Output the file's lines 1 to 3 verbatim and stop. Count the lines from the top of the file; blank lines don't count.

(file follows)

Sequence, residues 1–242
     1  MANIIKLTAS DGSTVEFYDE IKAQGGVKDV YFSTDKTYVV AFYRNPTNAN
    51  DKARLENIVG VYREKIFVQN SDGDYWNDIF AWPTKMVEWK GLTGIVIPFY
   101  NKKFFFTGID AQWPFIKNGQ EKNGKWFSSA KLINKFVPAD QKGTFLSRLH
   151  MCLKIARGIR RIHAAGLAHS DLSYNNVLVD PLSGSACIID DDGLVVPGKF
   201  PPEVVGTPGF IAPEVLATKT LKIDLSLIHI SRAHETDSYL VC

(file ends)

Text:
Sequence, residues 1–242
     1  MANIIKLTAS DGSTVEFYDE IKAQGGVKDV YFSTDKTYVV AFYRNPTNAN
    51  DKARLENIVG VYREKIFVQN SDGDYWNDIF AWPTKMVEWK GLTGIVIPFY